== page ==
Talk:Red brick university

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Is Heriot-Watt in Scotland a red brick university or not? MacRusgail 23:00, 10 July 2005 (UTC)

No, Heriot-Watt is a Glass plate university (I think), as it gained university status in 1966. And it is mostly 70s architecture, with not much in the way of the victorian "Red brick". Vclaw 22:55, 23 July 2005 (UTC)

First Red Brick University[edit]

There seems to be a bit of a dispute within Wikipedia pages as to which city had the first Red Brick university. The Birmingham page states that "The city built its own university in 1900, The University of Birmingham, which became the first of Britain's Redbrick universities." (does this mean first in time or first in excellence? and where does this idea come from if the second is the case?). But on this page it is stated that "The civic university movement started in 1851 with Owens College, Manchester (now the University of Manchester), which became the founding college of the federal Victoria University in 1880 and attained university status when the federal university was dissolved in 1903." Does this mean that the college alone is given the status of first Red Brick University despite only being a small section of what is now Manchester University? Whatever happens there is a need for clarification of exactly what is meant by both statements. Ammi 13:36, 24 October 2006 (UTC)


"The term 'red brick' was coined by a professor of music at the University of Liverpool to describe these civic universities" - do we know who or when? The OED gives the term as coined by "Bruce Truscott" in a 1943 book, though that was a pseudonym - this page says Truscott was the Professor of Hispanic Studies at Liverpool. Hmm hmm hmm. Any ideas? Shimgray | talk | 17:40, 7 December 2005 (UTC)

Also, is there a specific term other than "redbrick" for the architectural style which is being referenced? Shimgray | talk | 18:02, 7 December 2005 (UTC)

Proto-red brick[edit]

Of these, only UCL and Southampton were founded on principles similar to those of the civic universities and for this reason they may be considered proto-red brick. The other two did not, until much later in their existence, grant the freedom of education to the poor and non-Anglican that was the basis of the movement.

"Proto-red brick" would mean the first or earliest, or a predecessor. This would only apply to UCL (founded 1826), which pre-dates the red-bricks by half a century. The paragraph which preceded this mentions UCL, Exeter, Newcastle, Leicester, Southampton, Dundee and Wales. This sentence then says UCL and Southampton were founded on the same lines as the proper red-bricks and "the other two" were not (Leicester certainly was, its early history is very similar to Southampton's and it had an early emphasis on providing an education for returned servicemen after the first world war). --ajn (talk) 23:57, 4 March 2006 (UTC)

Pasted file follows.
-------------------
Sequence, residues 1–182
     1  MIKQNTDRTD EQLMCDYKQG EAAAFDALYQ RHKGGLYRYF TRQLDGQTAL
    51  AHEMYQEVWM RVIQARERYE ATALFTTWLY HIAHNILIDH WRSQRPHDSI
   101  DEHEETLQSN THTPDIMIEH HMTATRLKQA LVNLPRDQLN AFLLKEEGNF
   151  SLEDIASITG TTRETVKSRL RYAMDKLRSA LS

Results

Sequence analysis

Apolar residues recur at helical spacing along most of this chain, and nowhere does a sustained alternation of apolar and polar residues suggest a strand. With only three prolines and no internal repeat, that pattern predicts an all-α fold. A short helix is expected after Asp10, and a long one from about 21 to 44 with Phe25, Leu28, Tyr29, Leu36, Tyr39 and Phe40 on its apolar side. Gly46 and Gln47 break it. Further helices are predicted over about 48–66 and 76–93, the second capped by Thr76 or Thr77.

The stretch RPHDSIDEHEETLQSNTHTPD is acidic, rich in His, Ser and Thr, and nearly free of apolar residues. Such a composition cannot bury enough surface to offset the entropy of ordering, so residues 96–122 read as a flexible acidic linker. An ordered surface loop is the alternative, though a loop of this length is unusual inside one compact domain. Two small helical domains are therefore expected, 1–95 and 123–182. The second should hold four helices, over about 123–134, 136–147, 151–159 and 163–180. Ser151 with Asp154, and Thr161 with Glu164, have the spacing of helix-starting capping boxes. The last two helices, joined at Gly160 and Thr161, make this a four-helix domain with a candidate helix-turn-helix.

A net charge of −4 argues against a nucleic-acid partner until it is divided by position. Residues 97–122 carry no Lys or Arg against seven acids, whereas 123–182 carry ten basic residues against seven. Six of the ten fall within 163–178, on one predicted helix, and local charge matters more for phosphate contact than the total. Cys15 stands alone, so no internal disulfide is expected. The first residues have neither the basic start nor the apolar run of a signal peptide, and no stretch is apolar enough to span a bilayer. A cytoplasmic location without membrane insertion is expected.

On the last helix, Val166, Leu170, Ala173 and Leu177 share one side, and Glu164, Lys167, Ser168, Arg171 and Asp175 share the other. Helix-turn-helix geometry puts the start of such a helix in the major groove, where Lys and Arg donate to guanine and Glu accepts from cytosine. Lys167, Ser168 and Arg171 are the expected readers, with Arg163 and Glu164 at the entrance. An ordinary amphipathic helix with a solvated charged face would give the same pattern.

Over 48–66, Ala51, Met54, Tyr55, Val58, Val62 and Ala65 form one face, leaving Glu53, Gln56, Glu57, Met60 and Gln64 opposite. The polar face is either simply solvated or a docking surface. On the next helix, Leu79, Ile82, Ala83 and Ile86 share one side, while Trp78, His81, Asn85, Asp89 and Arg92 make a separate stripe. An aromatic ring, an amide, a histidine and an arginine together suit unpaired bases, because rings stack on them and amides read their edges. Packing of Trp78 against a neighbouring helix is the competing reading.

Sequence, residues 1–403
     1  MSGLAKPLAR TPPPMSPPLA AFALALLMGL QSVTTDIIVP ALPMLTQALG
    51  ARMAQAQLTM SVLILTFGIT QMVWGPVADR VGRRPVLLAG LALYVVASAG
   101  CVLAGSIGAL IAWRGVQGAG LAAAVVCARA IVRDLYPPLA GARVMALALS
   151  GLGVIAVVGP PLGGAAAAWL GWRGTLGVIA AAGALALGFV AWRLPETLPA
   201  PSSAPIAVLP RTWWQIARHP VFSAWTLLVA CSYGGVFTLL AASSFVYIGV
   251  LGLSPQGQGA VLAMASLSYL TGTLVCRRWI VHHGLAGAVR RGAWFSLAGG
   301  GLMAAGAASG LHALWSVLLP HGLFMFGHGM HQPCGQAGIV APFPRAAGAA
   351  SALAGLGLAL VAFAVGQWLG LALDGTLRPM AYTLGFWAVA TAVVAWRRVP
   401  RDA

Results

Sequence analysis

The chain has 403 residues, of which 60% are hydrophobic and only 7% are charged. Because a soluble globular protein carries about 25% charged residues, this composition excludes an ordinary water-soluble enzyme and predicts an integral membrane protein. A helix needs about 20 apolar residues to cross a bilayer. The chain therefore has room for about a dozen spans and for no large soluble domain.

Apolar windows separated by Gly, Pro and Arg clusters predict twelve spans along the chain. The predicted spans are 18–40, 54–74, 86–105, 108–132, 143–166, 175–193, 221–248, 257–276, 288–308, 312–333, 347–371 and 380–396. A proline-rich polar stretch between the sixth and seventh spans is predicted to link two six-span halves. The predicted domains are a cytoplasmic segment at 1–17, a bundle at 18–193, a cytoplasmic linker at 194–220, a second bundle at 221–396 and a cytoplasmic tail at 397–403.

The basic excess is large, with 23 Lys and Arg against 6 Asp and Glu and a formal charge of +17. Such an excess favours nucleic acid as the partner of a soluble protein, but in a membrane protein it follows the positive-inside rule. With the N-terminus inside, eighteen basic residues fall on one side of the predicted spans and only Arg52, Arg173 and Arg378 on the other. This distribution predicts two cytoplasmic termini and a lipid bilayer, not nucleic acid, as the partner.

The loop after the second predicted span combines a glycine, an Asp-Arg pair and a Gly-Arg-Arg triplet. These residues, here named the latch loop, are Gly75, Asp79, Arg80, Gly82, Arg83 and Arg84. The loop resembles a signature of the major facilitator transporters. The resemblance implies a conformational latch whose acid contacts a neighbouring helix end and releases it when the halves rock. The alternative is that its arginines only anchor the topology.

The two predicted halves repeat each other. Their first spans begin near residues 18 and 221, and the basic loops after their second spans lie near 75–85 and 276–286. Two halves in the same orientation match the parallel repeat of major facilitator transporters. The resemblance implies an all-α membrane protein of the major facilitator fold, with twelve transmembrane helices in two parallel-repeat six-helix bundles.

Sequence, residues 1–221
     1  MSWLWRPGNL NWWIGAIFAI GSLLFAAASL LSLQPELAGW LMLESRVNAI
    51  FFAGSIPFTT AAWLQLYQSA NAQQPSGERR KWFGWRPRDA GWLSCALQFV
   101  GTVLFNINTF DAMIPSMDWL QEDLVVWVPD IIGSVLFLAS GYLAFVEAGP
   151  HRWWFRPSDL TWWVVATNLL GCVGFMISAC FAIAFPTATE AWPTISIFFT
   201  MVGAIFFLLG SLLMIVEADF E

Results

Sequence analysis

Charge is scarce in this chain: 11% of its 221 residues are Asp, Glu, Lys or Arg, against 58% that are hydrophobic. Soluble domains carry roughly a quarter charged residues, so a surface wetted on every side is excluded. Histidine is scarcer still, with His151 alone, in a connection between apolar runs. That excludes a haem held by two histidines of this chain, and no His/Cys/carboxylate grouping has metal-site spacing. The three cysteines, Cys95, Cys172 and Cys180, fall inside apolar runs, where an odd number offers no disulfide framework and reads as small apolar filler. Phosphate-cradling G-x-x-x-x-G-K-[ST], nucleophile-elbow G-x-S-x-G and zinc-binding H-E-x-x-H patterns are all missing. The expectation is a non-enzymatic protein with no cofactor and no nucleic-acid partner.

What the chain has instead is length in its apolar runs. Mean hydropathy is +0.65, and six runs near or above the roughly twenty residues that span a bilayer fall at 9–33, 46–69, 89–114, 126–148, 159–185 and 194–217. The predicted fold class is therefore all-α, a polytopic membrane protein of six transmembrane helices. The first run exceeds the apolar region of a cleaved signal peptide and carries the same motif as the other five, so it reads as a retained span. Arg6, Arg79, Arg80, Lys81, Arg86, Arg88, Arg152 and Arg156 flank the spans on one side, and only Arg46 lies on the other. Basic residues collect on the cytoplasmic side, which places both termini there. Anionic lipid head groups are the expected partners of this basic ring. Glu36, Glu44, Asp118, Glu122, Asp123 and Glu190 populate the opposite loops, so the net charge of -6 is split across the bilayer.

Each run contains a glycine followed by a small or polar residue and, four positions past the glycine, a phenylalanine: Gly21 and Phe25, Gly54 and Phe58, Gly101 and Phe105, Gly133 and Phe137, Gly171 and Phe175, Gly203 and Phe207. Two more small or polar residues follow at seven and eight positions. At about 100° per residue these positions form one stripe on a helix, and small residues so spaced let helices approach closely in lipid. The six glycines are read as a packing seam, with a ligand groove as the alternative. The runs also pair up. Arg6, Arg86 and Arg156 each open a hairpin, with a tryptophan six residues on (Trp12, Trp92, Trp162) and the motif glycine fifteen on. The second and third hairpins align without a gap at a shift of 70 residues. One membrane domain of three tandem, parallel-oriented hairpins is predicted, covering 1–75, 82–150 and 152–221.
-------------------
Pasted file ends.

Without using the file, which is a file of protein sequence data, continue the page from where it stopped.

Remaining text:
Hull University[edit]

Hull University is a Red Brick university having degree style similar to the Universities of Leicester and Southampton.

The University of Hull developed from University College Hull, which was opened in 1928. The university received its Royal Charter in 1954; i.e. before the Robbins Report.

Hull had a very large role to play in in World War II too. Being a port, and also the plane designed by Robert Blackburn which played a significant role in air force of UK.

Its architecture for old buildings is in victorian style, however its new buildings are in glass-plate form. (Unsigned)

So in other words, Hull is not a Red Brick university by any definition! Sorry. --Tomsega (talk) 23:42, 22 May 2009 (UTC)

Reading the only one in the inter-war years[edit]

The University of Reading, founded in the late 19th century as an extension college of Oxford, was the UK's only academic establishment to be granted university status during the inter-war period,

This was removed because of Queen Mary College's 1934 charter - however QMC has never had university status. And QMC dates back from 1885. Timrollpickering 23:56, 13 February 2007 (UTC)